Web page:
Simon McCrory Q&A: ‘All around Ulster there’s little pockets of hurling’

Simon McCrory is the captain of the Antrim hurling team, favourites to claim a 16th Ulster title in a row tomorrow against Armagh. McCrory works for the county board as a Hurling Development Officer in Belfast.

Q: People say teaching is the ideal job for inter-county hurlers, but being a Hurling Development Officer must be right up there?

A: It’s good alright to be playing and coaching hurling. It’s particularly rewarding working with the young ones, and especially in a place like Belfast. Hurling isn’t that strong in parts of the city so you’re bringing it into the schools and seeing the kids getting the enjoyment I get out of it. Even where I’m from in West Belfast, which isn’t a hurling stronghold by any means, you’re starting to see kids out in the streets with Antrim gear on and a hurl in their hands. It’s growing baby steps but we are definitely getting there. There’s a lot of different things going on between clubs, schools and development squads, so there’s plenty of plates to be spinning at the one time. It keeps you on your toes but I can’t complain. It’s a really, really enjoyable job.

Q: You’re going for a 16-in-a-row, but where does the Ulster final rank as a priority among the Christy Ring Cup, League and Walsh Cup?

A: It has its own importance. We’re going for 16-in-a-row and people might question our motivation, but we’ll try to keep the record going and the motivation is for the players to keep their place for the really big one the following week against Carlow (in the Christy Ring Cup first round). It ranks highly among the players solely because they want to keep their jersey.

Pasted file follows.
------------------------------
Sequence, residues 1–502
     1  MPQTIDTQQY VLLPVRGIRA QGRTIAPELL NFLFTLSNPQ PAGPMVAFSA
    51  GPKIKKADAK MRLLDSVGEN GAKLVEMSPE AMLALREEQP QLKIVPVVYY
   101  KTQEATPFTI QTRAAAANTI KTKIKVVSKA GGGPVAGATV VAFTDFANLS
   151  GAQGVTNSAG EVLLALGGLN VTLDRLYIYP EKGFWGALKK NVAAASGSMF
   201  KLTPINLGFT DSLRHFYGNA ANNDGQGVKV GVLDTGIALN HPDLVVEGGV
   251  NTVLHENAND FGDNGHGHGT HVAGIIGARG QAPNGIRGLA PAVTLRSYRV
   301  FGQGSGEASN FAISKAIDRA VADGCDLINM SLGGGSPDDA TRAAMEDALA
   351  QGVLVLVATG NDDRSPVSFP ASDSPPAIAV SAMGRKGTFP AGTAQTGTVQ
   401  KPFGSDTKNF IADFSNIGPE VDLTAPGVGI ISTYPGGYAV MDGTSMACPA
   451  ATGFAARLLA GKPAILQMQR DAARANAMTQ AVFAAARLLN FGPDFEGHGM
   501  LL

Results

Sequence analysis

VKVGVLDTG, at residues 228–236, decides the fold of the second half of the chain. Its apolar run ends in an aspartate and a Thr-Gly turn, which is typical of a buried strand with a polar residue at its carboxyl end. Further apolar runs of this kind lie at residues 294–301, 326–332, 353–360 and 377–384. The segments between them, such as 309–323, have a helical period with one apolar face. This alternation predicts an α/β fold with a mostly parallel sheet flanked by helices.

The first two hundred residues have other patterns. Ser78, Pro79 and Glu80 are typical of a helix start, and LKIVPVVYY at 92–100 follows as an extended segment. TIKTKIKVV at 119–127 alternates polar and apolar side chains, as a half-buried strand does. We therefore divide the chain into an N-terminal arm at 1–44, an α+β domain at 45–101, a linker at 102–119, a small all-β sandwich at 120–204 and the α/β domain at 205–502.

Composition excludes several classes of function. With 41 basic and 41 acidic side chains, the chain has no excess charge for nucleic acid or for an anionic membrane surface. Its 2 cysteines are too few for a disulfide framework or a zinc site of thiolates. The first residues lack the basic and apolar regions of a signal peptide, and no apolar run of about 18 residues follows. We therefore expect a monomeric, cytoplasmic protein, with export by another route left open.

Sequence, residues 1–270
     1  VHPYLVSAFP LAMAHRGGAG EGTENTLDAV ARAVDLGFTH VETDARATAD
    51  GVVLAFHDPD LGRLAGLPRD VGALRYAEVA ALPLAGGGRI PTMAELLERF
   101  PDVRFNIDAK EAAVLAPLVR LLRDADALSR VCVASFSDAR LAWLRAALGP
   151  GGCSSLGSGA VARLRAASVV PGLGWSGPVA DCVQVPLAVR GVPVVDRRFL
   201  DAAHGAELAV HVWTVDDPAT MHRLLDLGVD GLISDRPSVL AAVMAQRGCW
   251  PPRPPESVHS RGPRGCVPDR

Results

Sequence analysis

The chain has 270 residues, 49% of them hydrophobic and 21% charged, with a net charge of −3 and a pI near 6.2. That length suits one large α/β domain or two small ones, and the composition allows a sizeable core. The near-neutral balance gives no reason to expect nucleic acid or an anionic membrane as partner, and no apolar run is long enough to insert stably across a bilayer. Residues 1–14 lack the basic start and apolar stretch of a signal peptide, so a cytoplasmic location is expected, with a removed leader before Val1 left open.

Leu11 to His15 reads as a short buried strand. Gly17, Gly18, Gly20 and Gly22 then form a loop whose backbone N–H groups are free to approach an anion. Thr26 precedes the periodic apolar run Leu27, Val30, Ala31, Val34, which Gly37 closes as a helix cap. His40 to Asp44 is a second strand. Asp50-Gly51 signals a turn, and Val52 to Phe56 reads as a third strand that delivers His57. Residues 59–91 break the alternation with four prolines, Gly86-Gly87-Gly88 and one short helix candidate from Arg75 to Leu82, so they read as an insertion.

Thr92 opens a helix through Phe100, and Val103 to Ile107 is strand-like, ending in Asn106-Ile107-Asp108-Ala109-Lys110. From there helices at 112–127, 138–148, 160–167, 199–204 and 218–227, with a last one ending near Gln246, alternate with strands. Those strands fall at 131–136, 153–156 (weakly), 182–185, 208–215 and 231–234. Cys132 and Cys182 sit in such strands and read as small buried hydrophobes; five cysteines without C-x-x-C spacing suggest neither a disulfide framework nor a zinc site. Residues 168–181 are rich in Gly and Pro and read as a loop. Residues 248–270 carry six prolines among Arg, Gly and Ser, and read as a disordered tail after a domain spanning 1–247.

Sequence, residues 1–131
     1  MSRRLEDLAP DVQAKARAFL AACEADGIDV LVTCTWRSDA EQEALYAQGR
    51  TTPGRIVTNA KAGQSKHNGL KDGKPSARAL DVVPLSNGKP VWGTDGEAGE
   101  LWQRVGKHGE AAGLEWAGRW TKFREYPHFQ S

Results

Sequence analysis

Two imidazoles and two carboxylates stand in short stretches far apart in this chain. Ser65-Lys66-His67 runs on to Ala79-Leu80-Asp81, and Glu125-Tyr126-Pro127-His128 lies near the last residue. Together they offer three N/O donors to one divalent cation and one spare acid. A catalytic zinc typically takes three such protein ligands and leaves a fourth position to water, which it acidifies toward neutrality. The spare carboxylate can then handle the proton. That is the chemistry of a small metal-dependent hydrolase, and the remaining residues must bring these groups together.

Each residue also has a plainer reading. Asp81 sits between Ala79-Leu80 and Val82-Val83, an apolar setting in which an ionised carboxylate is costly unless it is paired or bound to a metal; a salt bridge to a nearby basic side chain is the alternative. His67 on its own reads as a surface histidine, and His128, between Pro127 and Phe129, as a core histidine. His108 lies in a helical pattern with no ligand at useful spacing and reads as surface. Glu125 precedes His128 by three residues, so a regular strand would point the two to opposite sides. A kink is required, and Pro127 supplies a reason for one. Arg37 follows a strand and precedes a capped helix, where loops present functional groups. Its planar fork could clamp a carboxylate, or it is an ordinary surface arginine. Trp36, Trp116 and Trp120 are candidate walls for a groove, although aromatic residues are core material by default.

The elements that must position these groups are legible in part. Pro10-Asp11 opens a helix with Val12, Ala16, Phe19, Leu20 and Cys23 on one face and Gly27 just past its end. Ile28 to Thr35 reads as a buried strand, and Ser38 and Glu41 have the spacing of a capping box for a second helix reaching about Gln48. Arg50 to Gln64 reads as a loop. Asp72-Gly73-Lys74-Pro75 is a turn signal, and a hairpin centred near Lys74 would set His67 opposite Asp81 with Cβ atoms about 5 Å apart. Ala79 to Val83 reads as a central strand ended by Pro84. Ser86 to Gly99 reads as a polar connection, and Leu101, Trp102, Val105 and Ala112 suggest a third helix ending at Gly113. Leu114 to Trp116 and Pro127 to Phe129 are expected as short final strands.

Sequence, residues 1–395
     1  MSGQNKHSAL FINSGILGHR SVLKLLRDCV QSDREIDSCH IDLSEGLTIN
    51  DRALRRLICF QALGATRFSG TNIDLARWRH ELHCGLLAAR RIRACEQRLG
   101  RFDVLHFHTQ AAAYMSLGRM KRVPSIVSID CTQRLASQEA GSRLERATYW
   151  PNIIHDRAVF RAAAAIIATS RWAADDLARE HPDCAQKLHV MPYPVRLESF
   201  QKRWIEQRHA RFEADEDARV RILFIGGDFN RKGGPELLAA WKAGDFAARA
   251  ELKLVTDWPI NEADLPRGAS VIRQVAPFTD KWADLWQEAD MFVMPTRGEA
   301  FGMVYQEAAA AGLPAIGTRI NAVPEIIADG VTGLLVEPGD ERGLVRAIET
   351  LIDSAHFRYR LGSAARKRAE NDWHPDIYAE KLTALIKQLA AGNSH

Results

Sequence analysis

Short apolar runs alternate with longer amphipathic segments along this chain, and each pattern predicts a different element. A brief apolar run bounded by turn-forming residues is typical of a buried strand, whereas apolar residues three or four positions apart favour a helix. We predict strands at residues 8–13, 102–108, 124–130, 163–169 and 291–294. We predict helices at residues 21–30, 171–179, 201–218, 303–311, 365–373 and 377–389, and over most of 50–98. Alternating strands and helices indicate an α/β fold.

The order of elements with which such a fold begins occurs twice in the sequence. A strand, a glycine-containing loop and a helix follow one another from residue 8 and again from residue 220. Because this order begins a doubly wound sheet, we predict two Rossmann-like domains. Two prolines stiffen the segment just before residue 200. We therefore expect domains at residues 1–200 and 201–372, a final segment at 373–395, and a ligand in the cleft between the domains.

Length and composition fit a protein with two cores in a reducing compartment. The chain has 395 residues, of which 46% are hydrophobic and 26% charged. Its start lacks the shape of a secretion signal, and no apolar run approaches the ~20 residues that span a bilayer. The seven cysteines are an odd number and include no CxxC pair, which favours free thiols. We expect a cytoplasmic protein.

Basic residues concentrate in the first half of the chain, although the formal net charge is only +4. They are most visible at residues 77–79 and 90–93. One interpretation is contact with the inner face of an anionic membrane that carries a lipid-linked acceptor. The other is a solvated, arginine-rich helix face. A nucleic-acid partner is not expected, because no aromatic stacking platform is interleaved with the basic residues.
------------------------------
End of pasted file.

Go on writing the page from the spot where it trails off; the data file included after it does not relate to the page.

Q: Armagh have asked to get the game postponed and this will be your fourth of six games between March 26th and April 29th. Is the scheduling an issue in how the final is treated?

A: The Ulster Council are trying their best to keep this championship alive. Last year, we’d finished our Christy Ring and Armagh had finished their Nicky Rackard. Players had lost the appetite for it and just wanted to get back to their clubs. I can understand what they’re trying to do but it isn’t ideal having a big championship game coming up in the Christy Ring after a six-day turnaround. It’s a lot to ask, especially when the games have been coming thick and fast. But to be fair, if we hadn’t been playing a game on Sunday, I’m sure both teams would’ve been training anyway. It’s there to be played, both teams are going to be going hell-for-leather for it and we certainly want to win it.

Q: I was going to ask what are your best and worst memories of the Ulster championship, but I’m guessing they’re all good memories?

A: I’ve been lucky enough that anytime I’ve been involved at senior level, we’ve won it. The best memory was my first final in 2007, when I got my first start at inter-county level against Down. We had a really comprehensive victory (2-24 to 0-4). It was really sweet because it was at a time when there still were decent crowds coming to watch the Ulster finals, and it was in Casement Park. The worst would be going back to U21 level when we lost a couple of finals. We lost to Derry and there’s still a bit of pain there from that.